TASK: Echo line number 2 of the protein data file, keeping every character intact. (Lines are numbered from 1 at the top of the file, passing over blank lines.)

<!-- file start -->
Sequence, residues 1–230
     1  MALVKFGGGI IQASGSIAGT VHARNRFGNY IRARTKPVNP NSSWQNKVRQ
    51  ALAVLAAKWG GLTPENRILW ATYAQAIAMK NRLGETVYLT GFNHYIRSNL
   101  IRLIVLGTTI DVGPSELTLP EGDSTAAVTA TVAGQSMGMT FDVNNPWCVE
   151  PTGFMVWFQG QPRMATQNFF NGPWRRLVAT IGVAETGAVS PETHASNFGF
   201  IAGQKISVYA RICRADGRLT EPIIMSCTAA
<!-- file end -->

     1  MALVKFGGGI IQASGSIAGT VHARNRFGNY IRARTKPVNP NSSWQNKVRQ